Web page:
WESTBROOK, Maine — Clark, a stray cat, is recovering from leg injuries caused when a Gorham police officer shot him last month, believing the animal was rabid.

“Clark’s doing well. He’s receiving vet care and treatment. He’s resting comfortably and certainly recuperating,” said Jeana Roth of the Animal Refuge League in Westbrook, where the cat was brought four days after being shot on Aug. 20. “Animals are certainly resilient, and Clark certainly is a strong boy.”

Roth said it will be “a couple of weeks, if not longer” before the cat can be adopted. Clark will be kept on cage rest to see if his injuries heal naturally; if not, he’ll get surgery.

In either case, she said, “he has a bright future ahead of him.” That’s a very different outlook than in late August, when a Gorham police officer, convinced the stray was rabid, reportedly fired a shotgun at him.

“One bone in each [front] leg has a shatter from a [gunshot],” Roth said.

The Portland Press Herald first reported that a Maple Ridge Road man told police the stray cat attacked his 7-year-old daughter. Responding officers were unable to catch the cat, and concerned the animal was infected by rabies — which, left unchecked, could spread dangerously among other animals in the area — one officer fired at the feline with a 16-gauge shotgun, the Press Herald reported.

The cat fled into the woods, and wasn’t seen again until he showed up four days later in the nearby yard of a woman who in the past had offered him food.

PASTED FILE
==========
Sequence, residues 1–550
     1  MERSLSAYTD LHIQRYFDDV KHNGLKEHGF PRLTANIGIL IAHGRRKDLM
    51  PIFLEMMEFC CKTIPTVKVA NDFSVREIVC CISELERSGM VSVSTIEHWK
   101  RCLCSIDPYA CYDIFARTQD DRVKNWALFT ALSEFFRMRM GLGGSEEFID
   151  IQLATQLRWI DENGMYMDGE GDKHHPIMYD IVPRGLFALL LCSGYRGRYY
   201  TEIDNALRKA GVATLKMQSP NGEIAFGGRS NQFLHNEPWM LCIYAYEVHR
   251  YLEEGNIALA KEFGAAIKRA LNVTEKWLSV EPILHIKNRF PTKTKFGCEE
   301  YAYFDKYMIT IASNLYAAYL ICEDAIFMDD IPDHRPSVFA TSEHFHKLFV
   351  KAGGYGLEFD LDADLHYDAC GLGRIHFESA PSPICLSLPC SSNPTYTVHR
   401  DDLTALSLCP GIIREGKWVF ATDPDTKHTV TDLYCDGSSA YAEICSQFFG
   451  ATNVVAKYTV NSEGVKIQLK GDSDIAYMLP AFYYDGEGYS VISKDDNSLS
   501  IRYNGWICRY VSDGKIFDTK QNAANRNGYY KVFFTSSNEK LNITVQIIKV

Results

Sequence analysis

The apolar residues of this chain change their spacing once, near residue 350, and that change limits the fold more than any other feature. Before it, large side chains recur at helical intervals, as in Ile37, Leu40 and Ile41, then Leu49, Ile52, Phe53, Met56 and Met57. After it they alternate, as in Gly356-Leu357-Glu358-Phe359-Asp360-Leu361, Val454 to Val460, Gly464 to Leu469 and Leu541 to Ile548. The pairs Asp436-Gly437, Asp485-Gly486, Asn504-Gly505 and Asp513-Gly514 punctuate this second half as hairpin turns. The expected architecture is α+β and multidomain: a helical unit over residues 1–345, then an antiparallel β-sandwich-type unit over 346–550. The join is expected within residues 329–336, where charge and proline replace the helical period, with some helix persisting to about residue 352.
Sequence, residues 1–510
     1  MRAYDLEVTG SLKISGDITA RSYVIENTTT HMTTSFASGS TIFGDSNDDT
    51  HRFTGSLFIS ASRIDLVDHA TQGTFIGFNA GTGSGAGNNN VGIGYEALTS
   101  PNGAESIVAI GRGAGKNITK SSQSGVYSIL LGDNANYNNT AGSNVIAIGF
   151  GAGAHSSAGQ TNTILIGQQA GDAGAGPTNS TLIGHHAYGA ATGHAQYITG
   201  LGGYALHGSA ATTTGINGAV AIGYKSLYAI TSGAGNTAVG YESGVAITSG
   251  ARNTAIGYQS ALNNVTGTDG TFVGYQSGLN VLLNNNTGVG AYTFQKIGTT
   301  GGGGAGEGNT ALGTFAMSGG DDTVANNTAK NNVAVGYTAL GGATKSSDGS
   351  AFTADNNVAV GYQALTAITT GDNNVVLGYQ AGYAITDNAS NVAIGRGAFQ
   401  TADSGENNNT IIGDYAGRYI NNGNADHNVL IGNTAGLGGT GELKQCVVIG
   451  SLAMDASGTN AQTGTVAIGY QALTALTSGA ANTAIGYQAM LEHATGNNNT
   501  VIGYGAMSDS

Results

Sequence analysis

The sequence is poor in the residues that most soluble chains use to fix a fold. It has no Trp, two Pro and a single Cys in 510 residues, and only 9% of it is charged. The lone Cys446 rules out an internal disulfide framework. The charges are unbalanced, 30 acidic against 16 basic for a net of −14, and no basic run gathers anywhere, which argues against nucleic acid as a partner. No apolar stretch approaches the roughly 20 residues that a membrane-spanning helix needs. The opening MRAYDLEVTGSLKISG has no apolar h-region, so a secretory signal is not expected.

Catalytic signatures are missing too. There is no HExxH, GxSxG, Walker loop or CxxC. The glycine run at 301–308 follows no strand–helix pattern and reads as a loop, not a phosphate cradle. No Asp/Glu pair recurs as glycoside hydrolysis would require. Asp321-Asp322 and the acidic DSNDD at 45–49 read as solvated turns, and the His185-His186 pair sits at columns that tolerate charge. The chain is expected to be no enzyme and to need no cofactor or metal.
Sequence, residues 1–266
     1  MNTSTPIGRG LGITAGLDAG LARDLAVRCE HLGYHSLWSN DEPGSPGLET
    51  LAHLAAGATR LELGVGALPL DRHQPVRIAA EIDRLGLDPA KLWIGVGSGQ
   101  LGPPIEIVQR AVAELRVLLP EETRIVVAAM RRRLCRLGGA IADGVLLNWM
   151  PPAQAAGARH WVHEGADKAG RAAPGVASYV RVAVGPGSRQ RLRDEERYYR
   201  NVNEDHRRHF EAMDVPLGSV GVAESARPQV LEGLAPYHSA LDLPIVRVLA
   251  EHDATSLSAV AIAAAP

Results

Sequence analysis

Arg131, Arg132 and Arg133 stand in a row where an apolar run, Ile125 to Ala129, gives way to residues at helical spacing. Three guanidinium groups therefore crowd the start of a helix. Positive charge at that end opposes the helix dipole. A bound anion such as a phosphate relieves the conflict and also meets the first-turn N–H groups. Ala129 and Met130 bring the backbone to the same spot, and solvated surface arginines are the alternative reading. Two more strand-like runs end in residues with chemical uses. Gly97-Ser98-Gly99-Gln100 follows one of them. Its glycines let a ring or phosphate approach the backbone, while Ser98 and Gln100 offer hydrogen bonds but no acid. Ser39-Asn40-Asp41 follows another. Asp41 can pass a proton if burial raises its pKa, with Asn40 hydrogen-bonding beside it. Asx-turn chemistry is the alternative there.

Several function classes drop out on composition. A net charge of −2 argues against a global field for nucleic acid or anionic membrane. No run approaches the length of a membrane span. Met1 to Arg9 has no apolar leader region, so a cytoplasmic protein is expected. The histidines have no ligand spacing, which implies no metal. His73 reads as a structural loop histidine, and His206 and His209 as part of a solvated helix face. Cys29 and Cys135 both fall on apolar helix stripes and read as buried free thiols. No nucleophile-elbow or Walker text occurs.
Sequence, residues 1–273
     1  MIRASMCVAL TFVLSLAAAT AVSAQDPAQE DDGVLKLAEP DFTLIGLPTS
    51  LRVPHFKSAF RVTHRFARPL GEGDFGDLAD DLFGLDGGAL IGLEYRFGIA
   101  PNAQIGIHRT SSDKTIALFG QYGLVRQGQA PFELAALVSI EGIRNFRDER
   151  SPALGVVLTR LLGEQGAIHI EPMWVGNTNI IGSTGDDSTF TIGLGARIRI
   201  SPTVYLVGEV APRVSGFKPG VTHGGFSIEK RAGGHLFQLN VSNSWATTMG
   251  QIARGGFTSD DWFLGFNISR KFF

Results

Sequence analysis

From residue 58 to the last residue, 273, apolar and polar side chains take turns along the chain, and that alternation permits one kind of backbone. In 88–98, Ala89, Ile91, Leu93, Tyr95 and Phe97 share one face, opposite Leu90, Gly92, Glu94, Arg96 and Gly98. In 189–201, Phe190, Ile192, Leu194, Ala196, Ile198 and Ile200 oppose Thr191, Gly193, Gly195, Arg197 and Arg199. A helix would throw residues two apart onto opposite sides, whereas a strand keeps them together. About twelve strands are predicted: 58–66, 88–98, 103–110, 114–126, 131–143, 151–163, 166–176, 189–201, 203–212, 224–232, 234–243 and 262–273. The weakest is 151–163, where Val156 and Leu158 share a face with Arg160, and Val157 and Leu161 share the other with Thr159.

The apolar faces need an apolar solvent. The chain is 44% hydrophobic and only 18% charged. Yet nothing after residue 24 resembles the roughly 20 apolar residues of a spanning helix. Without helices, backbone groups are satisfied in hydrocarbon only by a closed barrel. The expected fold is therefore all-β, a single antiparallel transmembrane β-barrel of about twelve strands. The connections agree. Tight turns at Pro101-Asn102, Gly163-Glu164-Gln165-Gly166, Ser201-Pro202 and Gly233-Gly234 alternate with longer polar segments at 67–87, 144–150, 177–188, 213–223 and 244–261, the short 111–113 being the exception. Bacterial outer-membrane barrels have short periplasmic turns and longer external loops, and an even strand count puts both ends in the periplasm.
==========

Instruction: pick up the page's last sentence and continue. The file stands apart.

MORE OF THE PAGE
“He’s lived in this neighborhood in this community for about three years, with one community member making sure he was fed,” Roth said. “He was humanely caught by this woman who lived in the neighborhood. … He was rushed to the emergency room when he first got here, and he saw an orthopedic surgeon.”

Shelter veterinarians determined Clark — named after Superman’s alter ego, Clark Kent — actually did not have rabies after subjecting him to the required 10-day quarantine period.

Roth said the surgeon prescribed the cat cage rest, leaving the possibility of surgery if his legs didn’t heal on their own.

“We’ve been in communication with the Gorham Police Department, and they’ve agreed to help pay for some of Clark’s medical costs, so they certainly are assisting with that,” said Roth.

Roth said the refuge league works collaboratively with area animal control officers, and that residents who notice strays should try to get those animals to local shelters for medical help and placement with families.

“We hope that the message here is that if you have a stray animal in your neighborhood, use your shelter as a resource,” she said.

Roth said the refuge league has yet to begin fielding calls from people seeking to adopt Clark when he’s deemed medically ready.

“But I’m sure that will change once his story circulates,” she said.

Seth Koenig

Seth has nearly a decade of professional journalism experience and writes about the greater Portland region.